# C64 Programming - Invader Fractal

I have recently been getting into programming the Commodore 64. It’s lots of fun to work in such a restricted environment, where you have to use various hardware tricks to achieve your goals. Every machine cycle and byte of memory counts!

I have not programmed in 6502 assembler or the C64 before. I am using the popular C64 emulator WinVice and an assembler called DASM. Having messed around a bit and learnt the basics of the instruction set and the hardware/memory layout, I programmed a couple of effects such as the basic text scroller. I have an idea in mind for my first demo, and part of it revolves around the *invader fractal*. I have implemented this in various langauages (F# and D being the most recent) and figured it would be a nice fit for the C64.

### Invaders

The invader fractal is a very simpe idea, based on the observation that the classic space invaders are symmetrical. Given a 5x5 grid, we can observe that the middle column is static, whilst columns 4 and 5 are columns 1 and 2 flipped around:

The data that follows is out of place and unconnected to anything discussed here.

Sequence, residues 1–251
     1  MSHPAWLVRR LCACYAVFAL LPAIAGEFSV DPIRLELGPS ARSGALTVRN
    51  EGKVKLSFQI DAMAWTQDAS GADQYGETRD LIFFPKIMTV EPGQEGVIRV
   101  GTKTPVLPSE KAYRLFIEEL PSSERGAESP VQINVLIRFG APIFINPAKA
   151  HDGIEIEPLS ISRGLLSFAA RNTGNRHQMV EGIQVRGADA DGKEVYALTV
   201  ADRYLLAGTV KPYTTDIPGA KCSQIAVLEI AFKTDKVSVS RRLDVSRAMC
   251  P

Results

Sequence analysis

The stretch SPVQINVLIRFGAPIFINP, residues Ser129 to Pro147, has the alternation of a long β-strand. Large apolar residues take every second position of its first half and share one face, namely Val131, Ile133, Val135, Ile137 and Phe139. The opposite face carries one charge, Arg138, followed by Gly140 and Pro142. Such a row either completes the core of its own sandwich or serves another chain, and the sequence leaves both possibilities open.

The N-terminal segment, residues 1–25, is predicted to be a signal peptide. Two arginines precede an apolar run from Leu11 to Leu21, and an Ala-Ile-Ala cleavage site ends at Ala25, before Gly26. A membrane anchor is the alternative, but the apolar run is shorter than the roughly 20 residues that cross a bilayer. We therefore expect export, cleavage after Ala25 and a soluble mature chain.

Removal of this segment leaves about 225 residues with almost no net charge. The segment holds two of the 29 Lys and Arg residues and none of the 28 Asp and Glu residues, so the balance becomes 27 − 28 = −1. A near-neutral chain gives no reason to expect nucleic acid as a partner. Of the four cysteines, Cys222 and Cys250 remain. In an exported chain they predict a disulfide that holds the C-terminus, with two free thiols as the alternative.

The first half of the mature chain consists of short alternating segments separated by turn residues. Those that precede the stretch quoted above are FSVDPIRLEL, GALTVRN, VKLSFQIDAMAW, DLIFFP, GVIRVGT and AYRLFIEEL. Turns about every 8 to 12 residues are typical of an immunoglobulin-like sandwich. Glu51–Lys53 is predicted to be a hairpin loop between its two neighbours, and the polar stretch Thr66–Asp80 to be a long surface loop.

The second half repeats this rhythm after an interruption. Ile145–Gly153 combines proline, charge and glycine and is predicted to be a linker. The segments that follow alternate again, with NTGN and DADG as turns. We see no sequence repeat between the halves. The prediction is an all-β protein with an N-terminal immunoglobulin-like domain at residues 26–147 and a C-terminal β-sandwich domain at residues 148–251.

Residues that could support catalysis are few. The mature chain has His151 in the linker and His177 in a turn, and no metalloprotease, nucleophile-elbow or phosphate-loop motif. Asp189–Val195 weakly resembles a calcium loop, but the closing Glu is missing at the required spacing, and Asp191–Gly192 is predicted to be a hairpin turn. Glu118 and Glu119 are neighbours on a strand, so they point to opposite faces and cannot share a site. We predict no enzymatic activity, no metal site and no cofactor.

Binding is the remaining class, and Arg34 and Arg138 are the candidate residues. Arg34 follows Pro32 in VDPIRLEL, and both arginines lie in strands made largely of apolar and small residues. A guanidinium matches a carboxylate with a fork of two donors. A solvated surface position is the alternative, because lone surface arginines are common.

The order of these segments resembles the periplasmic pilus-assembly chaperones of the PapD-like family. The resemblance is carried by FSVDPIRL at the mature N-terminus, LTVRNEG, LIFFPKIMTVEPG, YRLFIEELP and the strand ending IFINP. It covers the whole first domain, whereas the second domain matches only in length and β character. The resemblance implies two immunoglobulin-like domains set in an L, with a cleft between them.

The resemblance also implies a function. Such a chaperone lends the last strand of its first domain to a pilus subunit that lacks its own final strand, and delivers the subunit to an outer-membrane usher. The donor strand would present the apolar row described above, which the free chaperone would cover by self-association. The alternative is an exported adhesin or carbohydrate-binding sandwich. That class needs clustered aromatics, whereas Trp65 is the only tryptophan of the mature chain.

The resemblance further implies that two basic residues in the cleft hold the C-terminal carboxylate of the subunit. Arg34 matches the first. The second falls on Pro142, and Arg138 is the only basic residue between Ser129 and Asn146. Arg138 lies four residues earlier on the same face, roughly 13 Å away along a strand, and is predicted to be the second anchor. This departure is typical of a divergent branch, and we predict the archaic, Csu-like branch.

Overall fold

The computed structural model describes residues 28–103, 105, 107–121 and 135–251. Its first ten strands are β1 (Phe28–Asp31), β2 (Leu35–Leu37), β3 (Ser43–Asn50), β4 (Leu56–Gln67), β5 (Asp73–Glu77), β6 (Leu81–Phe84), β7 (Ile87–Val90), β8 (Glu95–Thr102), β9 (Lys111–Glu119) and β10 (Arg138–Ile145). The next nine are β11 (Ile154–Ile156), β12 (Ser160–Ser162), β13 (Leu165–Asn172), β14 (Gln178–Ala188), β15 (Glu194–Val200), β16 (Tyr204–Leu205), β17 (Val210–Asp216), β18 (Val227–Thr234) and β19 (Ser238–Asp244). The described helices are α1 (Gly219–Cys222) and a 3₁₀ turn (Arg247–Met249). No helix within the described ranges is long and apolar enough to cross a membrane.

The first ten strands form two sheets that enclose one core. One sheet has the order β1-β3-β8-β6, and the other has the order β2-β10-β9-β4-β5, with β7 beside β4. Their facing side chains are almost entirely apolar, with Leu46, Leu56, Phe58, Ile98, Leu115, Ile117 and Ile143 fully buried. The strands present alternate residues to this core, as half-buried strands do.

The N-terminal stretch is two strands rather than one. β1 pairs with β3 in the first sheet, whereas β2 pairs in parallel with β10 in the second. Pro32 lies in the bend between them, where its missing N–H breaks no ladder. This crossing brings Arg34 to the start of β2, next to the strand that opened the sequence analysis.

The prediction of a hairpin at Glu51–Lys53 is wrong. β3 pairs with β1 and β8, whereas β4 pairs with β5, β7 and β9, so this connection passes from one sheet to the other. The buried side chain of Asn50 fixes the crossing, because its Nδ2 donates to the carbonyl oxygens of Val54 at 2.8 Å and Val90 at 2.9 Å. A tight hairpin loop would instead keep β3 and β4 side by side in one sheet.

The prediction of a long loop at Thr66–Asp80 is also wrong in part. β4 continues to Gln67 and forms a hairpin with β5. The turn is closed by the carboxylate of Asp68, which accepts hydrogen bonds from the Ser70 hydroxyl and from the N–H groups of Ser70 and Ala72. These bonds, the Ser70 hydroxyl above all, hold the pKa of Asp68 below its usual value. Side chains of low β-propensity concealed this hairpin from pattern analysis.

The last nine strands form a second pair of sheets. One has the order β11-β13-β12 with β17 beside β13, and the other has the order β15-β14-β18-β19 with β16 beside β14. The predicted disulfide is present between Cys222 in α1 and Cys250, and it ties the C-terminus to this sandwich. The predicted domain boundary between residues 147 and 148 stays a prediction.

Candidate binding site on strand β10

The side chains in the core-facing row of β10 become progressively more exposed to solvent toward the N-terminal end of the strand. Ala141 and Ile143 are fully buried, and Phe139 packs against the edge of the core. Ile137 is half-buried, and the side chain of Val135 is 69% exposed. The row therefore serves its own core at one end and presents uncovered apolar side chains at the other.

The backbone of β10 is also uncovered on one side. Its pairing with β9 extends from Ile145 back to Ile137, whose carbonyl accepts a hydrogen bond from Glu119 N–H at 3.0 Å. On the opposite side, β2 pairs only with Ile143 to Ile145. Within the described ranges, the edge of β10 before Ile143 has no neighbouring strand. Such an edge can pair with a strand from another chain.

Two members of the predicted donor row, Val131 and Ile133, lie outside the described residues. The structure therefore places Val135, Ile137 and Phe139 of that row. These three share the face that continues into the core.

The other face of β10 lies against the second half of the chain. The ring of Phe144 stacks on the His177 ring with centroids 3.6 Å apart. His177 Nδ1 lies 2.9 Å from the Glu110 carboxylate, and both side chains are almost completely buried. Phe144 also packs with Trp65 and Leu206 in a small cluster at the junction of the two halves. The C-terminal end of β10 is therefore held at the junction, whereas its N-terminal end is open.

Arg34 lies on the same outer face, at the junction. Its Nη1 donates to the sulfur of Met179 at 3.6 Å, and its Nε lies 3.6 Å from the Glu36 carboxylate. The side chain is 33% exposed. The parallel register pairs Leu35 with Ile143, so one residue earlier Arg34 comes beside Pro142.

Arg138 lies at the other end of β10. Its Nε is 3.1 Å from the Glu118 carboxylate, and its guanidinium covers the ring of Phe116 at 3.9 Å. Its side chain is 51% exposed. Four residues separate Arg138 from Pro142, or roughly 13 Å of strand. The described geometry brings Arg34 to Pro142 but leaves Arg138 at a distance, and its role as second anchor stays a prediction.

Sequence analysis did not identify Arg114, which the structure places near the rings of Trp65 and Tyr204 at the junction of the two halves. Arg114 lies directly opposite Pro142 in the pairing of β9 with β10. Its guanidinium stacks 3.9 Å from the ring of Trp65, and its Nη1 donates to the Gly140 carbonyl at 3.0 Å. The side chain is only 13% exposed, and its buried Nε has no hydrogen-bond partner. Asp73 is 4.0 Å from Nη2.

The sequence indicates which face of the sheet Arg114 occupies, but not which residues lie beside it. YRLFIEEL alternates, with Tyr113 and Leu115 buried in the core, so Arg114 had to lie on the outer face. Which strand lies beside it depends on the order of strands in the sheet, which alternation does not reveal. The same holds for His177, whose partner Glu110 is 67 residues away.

This means we can store the information for each row in just 3 bits, multiplied for each row gives us 15 bits to encode an entire invader. 15 bits gives a total of 2^15=32,768 unique invaders. “Real” space invaders are a little bit bigger than 5x5, but we will stick with their smaller cousins.

### C64 Limitations

We will be using the most basic video mode of the C64, which is text mode. In this mode, a character is represented by an 8x8 bitmap. The video memory for each 8x8 location of the screen stores a byte value that is an offset into the character set determining which character to draw.

For example, the video memory is mapped to adresses $0400 - $07F7. If the value of $0400 is set to $01, then the screen will render character 1 from the character set (which happens to be the letter A) into the top left of the screen.

$ denotes a hexadecimal number, and % binary. The # prefix indicates a literal value rather than a memory location.

It is not my intention to explain every op-code, most should make sense from context and the comments, but you can view a fulll list here

1 2 |
```
lda #$01 ; load 1 into the accumulator (A)
sta $0400 ; store A into the first byte of video memory
``` |

A nice thing about these characters sets is that you can define them yourself, and then you can change them in realtime to affect the screen. Therefore, what I would like to do is work out how to take a 15 bit encoded invader and decode it into a position in the character set.